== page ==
Editor, Andy Read, comments on the current fuel prices and why the recent report published by the English and Scottish federations makes very sobering reading…

“As high fuel prices continue to see some boats choosing to tie up, rather than lose money burning diesel at over £1 a litre, the report published this week by the English and Scottish federations makes very sobering reading.

“Current displacement of fishing activity is nothing compared to what could happen in the next decade, as we see a headlong rush to designate more Marine Protected Areas and accelerate construction of offshore wind power.

“Fishermen’s leaders rightly point out that there is general acceptance of the need to transition further towards renewable energy. In many ways, fishermen are the canaries in the coalmine: the changed distribution of cod, for example, has posed much greater challenges for fishermen in the UK than any impacts of climate change on British farmers. Climate change, and the impact it has on the marine environment on which we depend for our livelihoods, remain a huge threat to the fishing industry.

“Similarly, few in the industry now challenge the principle of MPAs. The potential benefits from such closures for industry overall, if sited correctly, see a win-win for both commercial fishermen and the marine environment.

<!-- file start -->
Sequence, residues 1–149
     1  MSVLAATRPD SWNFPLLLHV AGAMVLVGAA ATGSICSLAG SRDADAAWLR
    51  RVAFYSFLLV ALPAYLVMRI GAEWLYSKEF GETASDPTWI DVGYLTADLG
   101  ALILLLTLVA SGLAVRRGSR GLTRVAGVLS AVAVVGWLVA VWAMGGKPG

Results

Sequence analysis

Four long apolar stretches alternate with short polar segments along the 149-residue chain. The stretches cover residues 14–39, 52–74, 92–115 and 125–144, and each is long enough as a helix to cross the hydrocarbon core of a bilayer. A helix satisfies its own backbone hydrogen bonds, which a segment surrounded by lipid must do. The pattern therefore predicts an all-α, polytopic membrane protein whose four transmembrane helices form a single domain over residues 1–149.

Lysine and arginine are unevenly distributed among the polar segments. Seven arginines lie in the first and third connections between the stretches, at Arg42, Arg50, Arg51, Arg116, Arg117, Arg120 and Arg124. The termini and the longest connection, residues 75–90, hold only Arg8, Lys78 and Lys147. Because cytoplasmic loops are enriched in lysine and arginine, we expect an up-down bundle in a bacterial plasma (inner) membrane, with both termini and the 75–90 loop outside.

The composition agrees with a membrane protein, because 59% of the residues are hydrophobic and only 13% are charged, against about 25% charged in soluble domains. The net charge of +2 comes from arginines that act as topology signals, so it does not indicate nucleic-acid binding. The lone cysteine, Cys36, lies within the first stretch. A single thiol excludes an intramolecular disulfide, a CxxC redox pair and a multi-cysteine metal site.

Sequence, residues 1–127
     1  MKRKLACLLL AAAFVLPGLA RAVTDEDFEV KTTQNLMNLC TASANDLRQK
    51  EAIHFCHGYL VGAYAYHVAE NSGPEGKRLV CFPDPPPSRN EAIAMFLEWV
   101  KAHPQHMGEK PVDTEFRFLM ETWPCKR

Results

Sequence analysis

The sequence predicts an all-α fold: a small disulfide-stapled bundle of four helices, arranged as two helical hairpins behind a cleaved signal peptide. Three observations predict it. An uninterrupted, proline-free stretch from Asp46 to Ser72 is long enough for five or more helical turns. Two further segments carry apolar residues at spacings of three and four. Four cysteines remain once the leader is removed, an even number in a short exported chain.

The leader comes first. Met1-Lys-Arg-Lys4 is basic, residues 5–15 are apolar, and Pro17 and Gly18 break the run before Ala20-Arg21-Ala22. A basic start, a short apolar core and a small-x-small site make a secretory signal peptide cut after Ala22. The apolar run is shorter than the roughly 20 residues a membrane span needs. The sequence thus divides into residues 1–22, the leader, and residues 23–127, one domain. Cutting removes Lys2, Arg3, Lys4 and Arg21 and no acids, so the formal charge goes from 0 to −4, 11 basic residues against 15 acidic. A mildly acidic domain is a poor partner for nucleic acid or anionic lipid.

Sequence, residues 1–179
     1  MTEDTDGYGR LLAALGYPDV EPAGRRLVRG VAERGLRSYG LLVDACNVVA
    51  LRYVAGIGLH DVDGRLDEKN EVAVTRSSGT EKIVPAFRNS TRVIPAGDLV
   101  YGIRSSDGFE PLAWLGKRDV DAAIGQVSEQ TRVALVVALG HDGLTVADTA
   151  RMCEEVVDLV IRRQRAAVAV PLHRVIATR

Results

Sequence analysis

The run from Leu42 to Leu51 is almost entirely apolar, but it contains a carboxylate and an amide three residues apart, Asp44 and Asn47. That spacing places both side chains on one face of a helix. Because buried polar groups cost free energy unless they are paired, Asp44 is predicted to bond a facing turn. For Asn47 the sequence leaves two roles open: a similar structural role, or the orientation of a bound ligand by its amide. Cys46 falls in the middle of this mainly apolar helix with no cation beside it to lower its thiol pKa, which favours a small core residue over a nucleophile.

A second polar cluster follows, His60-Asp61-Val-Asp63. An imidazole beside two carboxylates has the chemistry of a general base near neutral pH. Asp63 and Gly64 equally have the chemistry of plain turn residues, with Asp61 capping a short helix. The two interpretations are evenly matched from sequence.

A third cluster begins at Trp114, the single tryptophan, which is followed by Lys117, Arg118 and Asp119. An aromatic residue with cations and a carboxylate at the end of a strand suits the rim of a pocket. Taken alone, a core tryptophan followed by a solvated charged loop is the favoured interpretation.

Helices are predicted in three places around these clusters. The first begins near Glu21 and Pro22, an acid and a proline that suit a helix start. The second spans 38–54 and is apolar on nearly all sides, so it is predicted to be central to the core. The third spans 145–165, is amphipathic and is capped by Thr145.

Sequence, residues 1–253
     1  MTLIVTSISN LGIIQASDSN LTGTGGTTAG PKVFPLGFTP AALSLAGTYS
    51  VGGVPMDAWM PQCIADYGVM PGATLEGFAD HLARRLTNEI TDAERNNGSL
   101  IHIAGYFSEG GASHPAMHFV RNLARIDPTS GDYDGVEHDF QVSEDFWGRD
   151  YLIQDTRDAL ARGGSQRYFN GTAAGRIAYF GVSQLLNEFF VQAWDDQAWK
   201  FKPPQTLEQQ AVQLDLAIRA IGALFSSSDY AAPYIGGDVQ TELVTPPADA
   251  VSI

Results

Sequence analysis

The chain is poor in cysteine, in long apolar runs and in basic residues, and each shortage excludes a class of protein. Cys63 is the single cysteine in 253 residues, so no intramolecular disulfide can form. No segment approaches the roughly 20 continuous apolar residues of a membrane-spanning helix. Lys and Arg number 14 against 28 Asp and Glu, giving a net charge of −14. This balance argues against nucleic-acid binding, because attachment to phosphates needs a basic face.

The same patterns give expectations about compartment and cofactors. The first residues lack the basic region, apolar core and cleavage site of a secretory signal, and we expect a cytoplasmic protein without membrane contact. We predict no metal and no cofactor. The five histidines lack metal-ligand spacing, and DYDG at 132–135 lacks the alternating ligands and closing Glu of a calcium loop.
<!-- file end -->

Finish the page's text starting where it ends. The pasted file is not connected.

“However, the headlong rush that UK administrations now seem to be involved in is fundamentally flawed. Accelerated approval of offshore developments, and knee-jerk designation of HPMAs without any thought of the effects on industry, or to the wider benefits to the marine environment outside these closed areas, needlessly risks livelihoods.

“The detailed industry-funded report, looking at potential displacement of fishing activity – if such displacement is viable for fishermen – should not have been needed. This type of work is a fundamental part of any government planning exercise, and should have been completed before new designations were made.

“Fishing News can only hope that politicians will read and reflect on the report, at a time when a world food shortage is biting, where food security becomes ever more important, and when the small carbon footprint of much of the UK’s seafood landings is better understood and appreciated.

“Currently, regulators are completely ignoring the risks to the fishing industry from displacement and loss of traditional fishing grounds, working on the flawed assumption that fishermen can simply move on in the face of offshore developments, and continue merrily fishing away. This is no more realistic an option for many fishermen than telling a lowland dairy farmer to move his herd to the top of a distant mountain.

“This week’s report should be a wake-up call to regulators about an industry – already facing crises created by Brexit and high fuel prices – that is staring into the abyss. It is vital that fishermen have a genuine say in the planning of the ever more crowded marine environment, and receive formal acknowledgment from government of their vital role in providing sustainable food and employment.”


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